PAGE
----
Picture this. In the next twenty four hours, you will be a lifeless weight. No, not out of suicide, but rather as a result of hot lead perforated into your flesh from the riffles of junior rank in the army who will be taking instructions from another junior rank. You will be tied to a stake, with a hoodie covering your head, in the full glare of the general public. To make matters worse, you will be put in an undignified wawa box in place of a proper coffin, buried in an unmarked grave and with no proper funeral accorded you.
You ponder over how swiftly things have changed for you, considering the fact that just a few months back, you were no mean a person but an army general and the head of state, enjoying all the perks and protocols that come with it. Yet, here you are, languishing in a heavily guarded enclosed space, waiting, as the seconds tick by for your life to be snuffed out of you.
You feel the thud of your heartbeat hitting your chest, as beads of sweat break out on your face and snake down as you put your life in retrospect. You think about a lot of things, a lot of ‘what ifs’ interspersed with regrets fill your head. One of such regrets would be your not acting on a letter sent to you by an ex army general and head of state(Afrifa) a little over a year prior. In this letter, your friend mentions his fears . He had heard that former military figureheads are likely to be rounded up, barely taken to court and executed, once a new government is in place. You did nothing about it and now you witness this ‘prophecy’ play out perfectly.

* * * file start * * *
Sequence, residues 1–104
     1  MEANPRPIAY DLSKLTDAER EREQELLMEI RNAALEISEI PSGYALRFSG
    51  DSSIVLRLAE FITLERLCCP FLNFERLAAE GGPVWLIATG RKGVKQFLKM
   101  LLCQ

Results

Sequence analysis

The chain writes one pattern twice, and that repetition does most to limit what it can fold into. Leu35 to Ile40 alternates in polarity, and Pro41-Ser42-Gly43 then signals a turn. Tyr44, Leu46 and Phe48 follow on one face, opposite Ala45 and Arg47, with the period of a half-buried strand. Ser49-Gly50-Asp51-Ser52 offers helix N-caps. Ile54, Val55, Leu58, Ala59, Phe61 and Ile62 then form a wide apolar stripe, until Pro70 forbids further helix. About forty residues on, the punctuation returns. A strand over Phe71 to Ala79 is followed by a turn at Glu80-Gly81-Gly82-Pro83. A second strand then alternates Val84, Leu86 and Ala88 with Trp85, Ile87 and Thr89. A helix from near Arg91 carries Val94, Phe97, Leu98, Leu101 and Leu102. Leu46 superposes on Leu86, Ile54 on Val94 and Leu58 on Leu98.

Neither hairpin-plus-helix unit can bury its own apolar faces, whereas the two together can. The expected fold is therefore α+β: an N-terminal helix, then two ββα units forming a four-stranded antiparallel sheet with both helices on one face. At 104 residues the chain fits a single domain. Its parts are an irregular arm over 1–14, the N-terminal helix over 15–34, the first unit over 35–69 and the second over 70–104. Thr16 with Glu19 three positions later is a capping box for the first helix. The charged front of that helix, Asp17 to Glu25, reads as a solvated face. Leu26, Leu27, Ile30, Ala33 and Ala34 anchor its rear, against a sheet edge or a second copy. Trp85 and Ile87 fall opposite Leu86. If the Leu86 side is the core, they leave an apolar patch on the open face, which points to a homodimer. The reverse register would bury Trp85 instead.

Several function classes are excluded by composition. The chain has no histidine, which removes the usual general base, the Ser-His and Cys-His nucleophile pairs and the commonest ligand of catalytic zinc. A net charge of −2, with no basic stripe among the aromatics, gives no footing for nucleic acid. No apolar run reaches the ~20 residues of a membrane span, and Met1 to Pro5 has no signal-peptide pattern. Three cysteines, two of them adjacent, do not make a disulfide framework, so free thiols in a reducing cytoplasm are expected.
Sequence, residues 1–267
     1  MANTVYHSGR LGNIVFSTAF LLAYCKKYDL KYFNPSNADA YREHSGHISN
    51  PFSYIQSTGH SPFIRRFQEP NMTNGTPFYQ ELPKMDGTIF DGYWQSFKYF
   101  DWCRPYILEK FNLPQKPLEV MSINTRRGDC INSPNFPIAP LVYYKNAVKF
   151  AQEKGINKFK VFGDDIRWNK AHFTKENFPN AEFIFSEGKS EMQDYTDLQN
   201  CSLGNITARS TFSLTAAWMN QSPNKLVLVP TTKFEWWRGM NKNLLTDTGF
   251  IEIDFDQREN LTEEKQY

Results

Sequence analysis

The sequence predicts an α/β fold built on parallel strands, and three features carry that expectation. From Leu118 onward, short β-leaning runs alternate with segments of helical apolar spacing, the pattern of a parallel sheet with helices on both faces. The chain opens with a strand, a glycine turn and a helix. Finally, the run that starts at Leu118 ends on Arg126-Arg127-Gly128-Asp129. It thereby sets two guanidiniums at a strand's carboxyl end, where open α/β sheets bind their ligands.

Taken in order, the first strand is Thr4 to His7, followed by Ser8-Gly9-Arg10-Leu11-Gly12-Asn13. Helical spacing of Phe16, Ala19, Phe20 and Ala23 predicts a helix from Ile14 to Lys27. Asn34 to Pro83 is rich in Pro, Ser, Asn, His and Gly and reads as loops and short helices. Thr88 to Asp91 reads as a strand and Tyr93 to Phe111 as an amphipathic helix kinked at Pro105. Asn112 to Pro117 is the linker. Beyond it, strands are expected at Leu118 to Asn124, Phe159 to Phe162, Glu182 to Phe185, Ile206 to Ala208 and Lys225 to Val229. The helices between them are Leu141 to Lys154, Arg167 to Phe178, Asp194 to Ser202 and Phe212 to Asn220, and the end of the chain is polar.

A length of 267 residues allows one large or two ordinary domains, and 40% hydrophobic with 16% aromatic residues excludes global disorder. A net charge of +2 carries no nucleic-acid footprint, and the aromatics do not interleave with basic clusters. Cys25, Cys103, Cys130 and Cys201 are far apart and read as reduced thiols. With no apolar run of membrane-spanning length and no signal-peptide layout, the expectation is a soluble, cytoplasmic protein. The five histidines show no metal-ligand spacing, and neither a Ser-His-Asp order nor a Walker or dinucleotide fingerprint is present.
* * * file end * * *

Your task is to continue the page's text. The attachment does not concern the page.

You once again think back to a few weeks prior, when you were urged to flee the country since there was a possibility of being arrested and bullets pumped into you without a proper court hearing but you rubbished it.
You think of your family- your wife and young children and what will become of them in your absence. Cringing thoughts to say the least.
These probably would be the thoughts which ran through the mind of Gen. I.K Acheampong in the few hours leading to his death.
Interestingly, he was allowed to have a treat of fufu and soup, brought to him by his daughter, a ‘last meal’, if you want. One wonders if he had the appetite to swallow even a single morsel considering what awaited him. We can only imagine the conversation that transpired between father and daughter in that emotionally tense moment. This would be the last time father and daughter would see each other again. One’s future was certain – death, the other, uncertain.
In his parting message, General Acheampong tells his daughter, Elizabeth Nana Serwaa Acheampong, “tell everybody I was a good person and pray for me”.